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Ah, cell phone number directories. Wouldn’t it be nice if they existed? You wouldn’t have to try to keep track of all your friends and family on your current phone (and then figure out how to exchange all that information to a new device every few years). And yet these directories don’t really exist – at least not yet.

As more and more people abandon land line phones and go to a “cell phone only” lifestyle, some cell phone providers are considering options for providing cell phone number directories. However, they are struggling with the need to strike a balance between providing access to information while, at the same time, protecting the privacy of cell phone users. Most cell phone users want to make their number available to friends and family – but not telemarketers.

Why the huge debate? Why not just create cell phone number directories like regular telephone directories? People have clearly resigned themselves to the idea that their land line phone numbers will be made available and, if they choose, they can have their phone number unlisted. However, unlike traditional landline phones, the question of giving everyone access to cell phone numbers has become a significant financial issue – cell phone users are charged for the number of minutes used for incoming and outgoing calls – why on earth would people want to pay to receive telephone solicitations?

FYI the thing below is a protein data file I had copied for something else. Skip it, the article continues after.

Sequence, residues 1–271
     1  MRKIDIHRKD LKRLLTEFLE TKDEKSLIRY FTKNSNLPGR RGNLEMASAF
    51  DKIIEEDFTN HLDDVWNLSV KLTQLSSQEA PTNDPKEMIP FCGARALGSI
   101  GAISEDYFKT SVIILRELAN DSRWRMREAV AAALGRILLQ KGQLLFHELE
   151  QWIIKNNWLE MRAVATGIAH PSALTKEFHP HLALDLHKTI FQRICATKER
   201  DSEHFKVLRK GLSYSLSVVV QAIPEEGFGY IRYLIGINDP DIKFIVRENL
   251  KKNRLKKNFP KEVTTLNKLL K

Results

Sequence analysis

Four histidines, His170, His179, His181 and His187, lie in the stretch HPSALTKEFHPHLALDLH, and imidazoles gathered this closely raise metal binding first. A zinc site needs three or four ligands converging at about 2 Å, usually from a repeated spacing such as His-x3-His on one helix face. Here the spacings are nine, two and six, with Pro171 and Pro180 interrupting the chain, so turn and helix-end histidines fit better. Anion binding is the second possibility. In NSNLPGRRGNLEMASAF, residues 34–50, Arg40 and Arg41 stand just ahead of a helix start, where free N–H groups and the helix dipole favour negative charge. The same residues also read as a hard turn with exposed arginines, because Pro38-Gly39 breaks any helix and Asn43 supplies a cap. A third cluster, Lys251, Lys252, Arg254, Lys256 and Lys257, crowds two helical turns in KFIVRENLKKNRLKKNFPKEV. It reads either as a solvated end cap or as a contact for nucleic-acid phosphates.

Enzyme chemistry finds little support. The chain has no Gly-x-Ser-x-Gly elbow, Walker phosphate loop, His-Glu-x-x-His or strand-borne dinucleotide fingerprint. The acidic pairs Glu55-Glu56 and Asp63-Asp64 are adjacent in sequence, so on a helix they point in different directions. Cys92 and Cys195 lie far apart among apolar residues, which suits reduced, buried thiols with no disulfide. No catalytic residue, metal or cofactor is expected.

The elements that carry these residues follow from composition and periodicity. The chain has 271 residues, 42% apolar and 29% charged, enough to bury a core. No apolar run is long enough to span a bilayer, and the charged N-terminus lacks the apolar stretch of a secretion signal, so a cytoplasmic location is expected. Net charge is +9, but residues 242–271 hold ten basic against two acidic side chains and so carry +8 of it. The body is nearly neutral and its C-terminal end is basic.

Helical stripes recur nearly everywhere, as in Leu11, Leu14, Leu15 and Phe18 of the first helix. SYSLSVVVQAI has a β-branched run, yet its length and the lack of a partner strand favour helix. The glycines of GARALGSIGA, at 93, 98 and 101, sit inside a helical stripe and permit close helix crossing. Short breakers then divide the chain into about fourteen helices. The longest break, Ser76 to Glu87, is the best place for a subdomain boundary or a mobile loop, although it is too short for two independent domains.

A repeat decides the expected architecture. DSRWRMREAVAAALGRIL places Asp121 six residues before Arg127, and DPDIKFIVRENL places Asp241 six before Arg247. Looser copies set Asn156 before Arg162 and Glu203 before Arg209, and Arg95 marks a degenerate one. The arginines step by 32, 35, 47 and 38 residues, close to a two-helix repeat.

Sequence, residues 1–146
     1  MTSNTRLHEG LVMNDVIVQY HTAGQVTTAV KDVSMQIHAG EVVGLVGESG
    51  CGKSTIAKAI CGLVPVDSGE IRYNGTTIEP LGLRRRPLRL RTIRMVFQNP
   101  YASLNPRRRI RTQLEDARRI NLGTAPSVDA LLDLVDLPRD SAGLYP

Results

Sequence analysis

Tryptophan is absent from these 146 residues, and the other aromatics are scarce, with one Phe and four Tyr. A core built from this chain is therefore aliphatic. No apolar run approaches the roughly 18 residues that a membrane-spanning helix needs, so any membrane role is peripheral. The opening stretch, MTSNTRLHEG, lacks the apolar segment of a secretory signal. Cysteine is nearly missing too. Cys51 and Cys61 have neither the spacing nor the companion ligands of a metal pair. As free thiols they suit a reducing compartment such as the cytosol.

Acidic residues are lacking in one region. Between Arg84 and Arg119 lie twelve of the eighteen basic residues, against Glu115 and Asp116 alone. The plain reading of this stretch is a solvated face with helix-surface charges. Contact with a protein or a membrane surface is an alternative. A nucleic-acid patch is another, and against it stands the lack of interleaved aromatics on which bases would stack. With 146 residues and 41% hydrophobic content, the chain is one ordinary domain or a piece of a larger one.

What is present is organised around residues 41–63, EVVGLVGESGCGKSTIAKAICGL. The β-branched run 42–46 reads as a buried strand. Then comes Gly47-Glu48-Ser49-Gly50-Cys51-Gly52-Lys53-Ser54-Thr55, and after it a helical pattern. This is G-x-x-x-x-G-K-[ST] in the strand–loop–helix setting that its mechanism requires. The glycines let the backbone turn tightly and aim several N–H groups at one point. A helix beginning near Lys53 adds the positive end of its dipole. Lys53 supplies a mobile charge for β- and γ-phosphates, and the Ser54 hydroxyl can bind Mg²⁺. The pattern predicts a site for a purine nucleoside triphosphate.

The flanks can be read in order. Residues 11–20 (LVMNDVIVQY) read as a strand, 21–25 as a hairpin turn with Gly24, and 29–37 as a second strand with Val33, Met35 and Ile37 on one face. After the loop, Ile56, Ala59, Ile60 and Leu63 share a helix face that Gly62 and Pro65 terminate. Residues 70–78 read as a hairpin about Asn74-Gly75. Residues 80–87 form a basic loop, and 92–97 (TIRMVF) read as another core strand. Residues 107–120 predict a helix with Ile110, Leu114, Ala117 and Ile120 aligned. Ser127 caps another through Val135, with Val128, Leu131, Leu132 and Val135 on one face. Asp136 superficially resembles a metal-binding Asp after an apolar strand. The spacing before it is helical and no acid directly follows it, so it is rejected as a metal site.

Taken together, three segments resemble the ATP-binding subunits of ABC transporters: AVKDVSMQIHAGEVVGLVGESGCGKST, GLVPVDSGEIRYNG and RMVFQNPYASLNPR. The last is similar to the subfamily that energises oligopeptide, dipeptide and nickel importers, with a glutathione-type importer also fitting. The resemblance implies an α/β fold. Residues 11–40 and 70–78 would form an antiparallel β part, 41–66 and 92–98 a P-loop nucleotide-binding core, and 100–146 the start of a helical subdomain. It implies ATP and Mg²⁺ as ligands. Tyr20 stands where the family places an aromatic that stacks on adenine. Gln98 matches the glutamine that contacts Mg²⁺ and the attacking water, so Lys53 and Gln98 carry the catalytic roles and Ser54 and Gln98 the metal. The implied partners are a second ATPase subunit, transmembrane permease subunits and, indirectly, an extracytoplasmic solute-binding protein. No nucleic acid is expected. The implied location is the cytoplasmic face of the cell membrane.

Clearly, it’s nearly impossible to achieve the goal of providing number availability only to limited people and only for positive purposes. However, as the debate rages on between the open access folks and the privacy advocates, there are cell phone number directories that you, the every day user, can access.

Unfortunately, the most comprehensive directories, such as www.searchdetective.net and www.abika.com are pay-to-play. If you search on a person or a number, they’ll let you know if they have the information, but you’ll have to pay about $15 to get it. These options might be best in those situations where you REALLY need the information (such as tracking down a family member in an emergency).

Other free cell phone number directories, such as www.mobilephoneno.com and www.411.com have limited phone numbers available and often require you to provide your own number in exchange for any information.

Rather than turn to one of these options, sometimes the best place to start is through a simple Google search. You’ll be surprised at what you find – just enter the name of the person you’re looking for and the word “cell.” If their cell phone number was ever listed at an old or current job, on a social network page or, really anywhere publicly accessible on the Internet, you’ll probably find it.

The important thing to remember about cell phone number directories is that, at present, your phone number is not likely to be placed on one anytime in the near future. While phone companies are struggling with the best ways to provide information, all agree that any cell phone number directories developed must be provided on an “opt-in” basis only. Now the only question is what incentives will be offered by companies building directories in exchange for your digits? You better hold out for something good – that’s valuable information.

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